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It seems like at least once a year, a school or even an entire school district apologizes for a racist lesson gone wrong. This time around, Union County Public Schools in North Carolina is in the hot seat after a group of fourth-grade students was tasked with developing social media hashtags that people may have tweeted during the Civil War.

Inspired by the lesson, fourth-graders at Waxhaw Elementary School made up tweets saying things like Slavery Forever and Slavery for Life.

Charlotte-based Fox 46 reported one student used the handle @dontstopslavery made a tweet that said “you may not agree with slavery but I do and I’m honest about it. #Slaveryforlife.”

Another student tweeted about not wanting to leave the county and staying put with their slaves using the hashtag #SLAVERYFOREVER.

It is unclear what context, if any, the students were given with this assignment. But the tweets were posted on the class wall and later highlighted on the school’s official Facebook page. There were no anti-slavery tweets highlighted according to news reports.

Staff apologized after the story made the news.

This is a clear example of the importance of intent versus impact. Regardless of the school or teacher’s intent, the impact was children not learning the right lessons from the presented curriculum and furthering misunderstanding of a critical time in American history.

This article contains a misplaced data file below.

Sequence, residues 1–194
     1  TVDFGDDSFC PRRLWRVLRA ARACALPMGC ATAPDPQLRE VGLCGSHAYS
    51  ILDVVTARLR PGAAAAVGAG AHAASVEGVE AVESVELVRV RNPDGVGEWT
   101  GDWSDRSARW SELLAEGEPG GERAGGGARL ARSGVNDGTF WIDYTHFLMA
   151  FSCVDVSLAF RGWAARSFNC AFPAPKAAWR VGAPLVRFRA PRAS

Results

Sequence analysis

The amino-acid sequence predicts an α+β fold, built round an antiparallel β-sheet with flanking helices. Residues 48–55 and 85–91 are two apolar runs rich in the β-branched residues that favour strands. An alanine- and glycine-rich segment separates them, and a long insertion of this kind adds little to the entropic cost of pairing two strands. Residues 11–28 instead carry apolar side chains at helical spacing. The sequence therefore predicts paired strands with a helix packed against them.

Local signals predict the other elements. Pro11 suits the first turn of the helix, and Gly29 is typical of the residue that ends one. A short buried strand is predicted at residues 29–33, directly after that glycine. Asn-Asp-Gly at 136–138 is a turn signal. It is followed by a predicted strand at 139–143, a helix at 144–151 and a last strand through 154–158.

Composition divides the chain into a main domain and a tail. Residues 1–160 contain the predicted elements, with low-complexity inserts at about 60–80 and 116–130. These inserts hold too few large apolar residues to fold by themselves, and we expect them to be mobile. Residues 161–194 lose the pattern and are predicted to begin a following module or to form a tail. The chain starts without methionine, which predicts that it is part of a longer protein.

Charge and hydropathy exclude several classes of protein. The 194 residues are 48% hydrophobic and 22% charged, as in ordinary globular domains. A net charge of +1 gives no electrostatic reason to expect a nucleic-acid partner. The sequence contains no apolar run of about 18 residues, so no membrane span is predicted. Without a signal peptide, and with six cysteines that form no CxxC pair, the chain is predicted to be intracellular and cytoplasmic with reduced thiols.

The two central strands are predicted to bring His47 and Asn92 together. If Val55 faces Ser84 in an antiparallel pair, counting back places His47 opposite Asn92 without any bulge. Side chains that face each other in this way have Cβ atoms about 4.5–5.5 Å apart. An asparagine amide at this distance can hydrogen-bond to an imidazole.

Allegedly the assignment was supposed to help students understand the perspective of a key historical figure. It is unclear which historical figures were being prioritized in this assignment.

And this isn’t just a southern school district issue. A few years ago a school in New Jersey came under attack for white students selling Black classmates in a mock slave auction. In 2019, a private school in New York had Black students placed in “imaginary” chains.

These glaring examples of clear misunderstanding or even a lack of care in teaching about the institution of slavery and its horrific impact, make the case for utilizing guiding sources like the 1619 project even more imperative.

Lawmakers across the country have not only resisted having better cultural competency in educational curriculum but also recent attempts to specifically exclude the 1619 project and related issues point to a larger ideological issue.

Located in Union County, North Carolina, Waxhaw Elementary School is about one-quarter non-white according to public data. Selina Campbell, chair of the Union County NAACP Education Committee, issued a response that was later posted to the organization’s Facebook page.

“The tweets that the children were most proud of is indicative of the thoughts, values, and oppressive practices of the families and leadership here in Union County,” wrote Campbell.

She called on the students to be taught an accurate version of history that reflects the experience of enslaved Black people as well. “These are just children that need to be taught how treacherous and demonic slavery was and that Black people are still suffering from the residue of it today.”

Anoa Changa is a movement journalist and retired attorney based in Atlanta, Georgia. Follow Anoa on Instagram and Twitter @thewaywithanoa.


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